"Serving West and East Village, Chelsea, SoHo, NoHo, Little Italy, Chinatown and the Lower East Side"

Volume 76, Number 27
November 29 - December 05, 2006

Editorial/ Op-Ed
Whitney on track
The Dia Art Foundation’s recently dropping its plan for a museum on the High Line at Gansevoort St. was disappointing, for the project was an excellent use for the site — currently occupied by two abandoned meatpacking buildings.

Unity at Board 2
It was encouraging when Community Board 2 recently voted — unanimously — to back a resolution asking the Parks Department to re-present to the board next month the Washington Square Park renovation plan.

Talking Point
Art revisionism and the dissing by the dissidents
By Andrei Codrescu
Walker Evans is best known for his black and white photographs of the Great Depression, most notably in James Agee’s book “Let Us Now Praise Famous Men.”

Police Blotter

Letter to the Editor

Scoopy's Notebook


In Briefs
Turkey team-up by Y and Salvation Army

Not just another brick in the wall

Pompei hopes bucks will erupt

Eloise Niederkirchner, 89, writer, music enthusiast
By Albert Amateau
The friends of Eloise Niederkirchner, a Village resident for more than 50 years who died last July 5 at the age of 89, celebrated her life as a writer, music enthusiast and generous free spirit at a Nov. 18 memorial service at the First Hungarian Reformed Church on E. 69th St.

Le Enken, sailor who landed at V.I.D.
Le Enken, who spent her recent years living in the Village, where she was active in Village Independent Democrats, died on Sept. 27, in San Francisco.

Villager photo by Jefferson Siegel

Outside Monday’s hearing at Police Headquarters, cyclists wore sheep hats, bleated and held up B.A.H. — or Bicycles Are Healthy — signs, a poke at the “animal herd” provision in the new proposed parade regulations.

Cyclists and civil libertarians say put brakes on new regs
By Albert Amateau
A Police Department hearing attracted more than 500 people to Police Plaza on Monday to denounce the department’s proposed new rules defining what constitutes a parade requiring a police permit.

Chelsea Cove to feature lawn, stone field, carousel
By Albert Amateau
Landscape architects working on the Chelsea segment of the 5-mile-long Hudson River Park made a detailed presentation earlier this month of plans for the Chelsea Cove section.

Arts and Entertainment
Team regroups, moves to Soho
By Stephanie Murg
The noodling, D-flat riff of Gun’s N’ Roses’ 1988 hit “Sweet Child O’Mine” greeted visitors to the inaugural exhibition of Team gallery last month, which relocated from Chelsea to Soho in September.

The light of Miss Anita O’Day
By Jerry Tallmer
We lost three big ones within a week or so, and I think that everything that needed to be said has already been said about Robert Altman and Betty Comden.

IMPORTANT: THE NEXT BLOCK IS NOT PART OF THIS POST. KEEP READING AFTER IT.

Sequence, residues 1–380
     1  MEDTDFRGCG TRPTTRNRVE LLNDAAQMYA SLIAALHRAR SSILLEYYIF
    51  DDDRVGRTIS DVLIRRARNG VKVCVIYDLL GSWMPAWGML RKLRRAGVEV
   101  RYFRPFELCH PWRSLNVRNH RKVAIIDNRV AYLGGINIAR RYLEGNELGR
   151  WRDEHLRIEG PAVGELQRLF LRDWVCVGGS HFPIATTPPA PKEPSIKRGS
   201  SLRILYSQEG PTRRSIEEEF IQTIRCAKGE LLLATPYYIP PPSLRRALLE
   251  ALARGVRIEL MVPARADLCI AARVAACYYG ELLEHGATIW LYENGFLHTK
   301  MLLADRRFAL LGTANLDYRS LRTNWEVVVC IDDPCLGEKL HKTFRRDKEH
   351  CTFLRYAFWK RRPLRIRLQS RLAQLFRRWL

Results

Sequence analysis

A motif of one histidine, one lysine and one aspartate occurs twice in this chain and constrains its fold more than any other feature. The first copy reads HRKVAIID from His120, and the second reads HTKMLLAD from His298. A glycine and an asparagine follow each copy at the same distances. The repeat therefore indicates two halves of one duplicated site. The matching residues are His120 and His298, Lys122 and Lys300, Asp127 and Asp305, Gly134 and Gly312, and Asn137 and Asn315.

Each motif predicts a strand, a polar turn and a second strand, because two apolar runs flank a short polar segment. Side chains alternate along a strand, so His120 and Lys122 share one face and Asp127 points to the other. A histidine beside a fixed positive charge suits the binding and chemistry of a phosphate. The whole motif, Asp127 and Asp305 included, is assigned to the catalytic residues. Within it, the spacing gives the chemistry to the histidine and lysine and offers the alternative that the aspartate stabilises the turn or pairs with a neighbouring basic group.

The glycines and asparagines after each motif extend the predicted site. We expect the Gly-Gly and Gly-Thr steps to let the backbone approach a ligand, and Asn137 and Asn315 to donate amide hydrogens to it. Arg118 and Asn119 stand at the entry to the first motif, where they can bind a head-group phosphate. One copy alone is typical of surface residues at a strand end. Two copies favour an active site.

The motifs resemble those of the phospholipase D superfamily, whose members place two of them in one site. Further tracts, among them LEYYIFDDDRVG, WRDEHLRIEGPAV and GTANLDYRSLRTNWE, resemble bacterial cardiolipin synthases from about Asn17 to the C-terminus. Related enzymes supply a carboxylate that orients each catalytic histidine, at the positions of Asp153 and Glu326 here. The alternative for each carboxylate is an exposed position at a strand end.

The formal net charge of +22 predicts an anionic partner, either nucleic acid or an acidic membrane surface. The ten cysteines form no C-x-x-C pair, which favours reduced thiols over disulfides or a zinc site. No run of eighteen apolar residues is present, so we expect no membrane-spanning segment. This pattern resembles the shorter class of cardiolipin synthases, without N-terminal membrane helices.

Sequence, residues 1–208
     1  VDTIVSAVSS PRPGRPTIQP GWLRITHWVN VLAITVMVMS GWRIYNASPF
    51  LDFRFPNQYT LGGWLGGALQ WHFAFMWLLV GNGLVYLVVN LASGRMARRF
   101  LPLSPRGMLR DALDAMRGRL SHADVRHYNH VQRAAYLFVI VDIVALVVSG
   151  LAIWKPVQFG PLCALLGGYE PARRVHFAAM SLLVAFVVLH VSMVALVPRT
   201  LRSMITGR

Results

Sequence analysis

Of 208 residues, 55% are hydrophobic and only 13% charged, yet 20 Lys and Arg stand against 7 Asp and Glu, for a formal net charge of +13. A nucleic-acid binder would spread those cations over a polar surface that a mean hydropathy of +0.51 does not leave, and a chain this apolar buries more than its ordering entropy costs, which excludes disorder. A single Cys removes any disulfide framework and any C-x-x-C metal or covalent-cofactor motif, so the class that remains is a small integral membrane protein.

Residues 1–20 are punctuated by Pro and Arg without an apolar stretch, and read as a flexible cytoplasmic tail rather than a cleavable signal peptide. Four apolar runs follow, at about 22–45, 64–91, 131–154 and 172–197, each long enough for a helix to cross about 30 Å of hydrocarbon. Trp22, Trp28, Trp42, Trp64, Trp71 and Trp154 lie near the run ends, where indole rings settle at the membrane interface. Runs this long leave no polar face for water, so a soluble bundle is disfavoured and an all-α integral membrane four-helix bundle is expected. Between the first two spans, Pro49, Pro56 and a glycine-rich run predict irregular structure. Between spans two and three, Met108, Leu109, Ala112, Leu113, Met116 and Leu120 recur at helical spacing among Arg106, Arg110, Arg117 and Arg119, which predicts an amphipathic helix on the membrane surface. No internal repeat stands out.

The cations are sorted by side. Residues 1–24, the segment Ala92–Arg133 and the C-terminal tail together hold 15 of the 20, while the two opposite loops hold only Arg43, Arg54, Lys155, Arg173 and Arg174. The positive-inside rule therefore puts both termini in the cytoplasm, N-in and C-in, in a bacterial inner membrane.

The original picture show
By Roslyn Kramer
The energy of an inventive America around the turn of the century bounces off the surfaces of paintings and film at the latest exhibit at New York University’s Grey Gallery, “Moving Pictures: American Art and Early Film, 1880- 1910.”

L.E.S. Gaucho is definitely getting the message
By Judith Stiles
In street clothes, Nelson Jimenez looks like a regular teenager as he briskly trots down Avenue A, occasionally pausing to text message his friends.

Cirque Soleil tries to swing theater deal for Pier 40
By Lincoln Anderson
Not too long ago, when people spoke about swingers on the Lower West Side waterfront, they were probably referring to the gay cruising scene on the crumbling former shipping piers. But a new proposal to redevelop Pier 40 at Houston St., if successful, would bring a new kind of swinger to the waterfront — namely tights-clad trapeze artists with Cirque du Soleil, speaking a strange gibberish called Cirquish, no less.

Whitney will ride the rails Downtown for museum
By Albert Amateau
The Whitney Museum of American Art agreed last week to build its satellite museum in the city-owned building on Gansevoort St. at the gateway to the High Line.

A student rights movement is born at Judson summit
By Barry Paddock
“Lazy” is how 13-year-old Adolfo Abreu, the only child of a single mother in the northwest Bronx, describes himself, at least before he got involved in fighting for student rights.

Preacher prays for possessed post-holiday shoppers
By Lori Haught
The end is near, the Shopocalypse is coming. Reverend Billy Talen, of the Church of Stop Shopping, tried to spread that message on Black Friday, or as he and his followers called it, “Buy Nothing Day.”

Koch on film
By Ed Koch
“Casino Royale” (+) “Casino Royale” is the latest reincarnation of a Bond script that was used in the 1960s. For what it is — a piffle intended to razzle-dazzle — I believe it meets all expectations of the true Bond believer, to which category I do not belong.
“The Aura” (+) This is an old-time, highly suspenseful film noir written and directed by Fabian Bielinsky. Bielinsky, an Argentinean who also directed the superb thriller “Nine Queens,” died of a heart attack at the age of 47 in June of this year.

Daphne Rubin-Vega: making music off Broadway
By Scott Harrah
Daphne Rubin-Vega is best known for her Tony-nominated role as Mimi in the original cast of “Rent” and her work in the Pulitzer Prize-winning drama “Anna and the Tropics” opposite Jimmy Smits. However, the Panamanian-born diva—who has spent most of her life in the Village—was making music long before hitting it big on Broadway.


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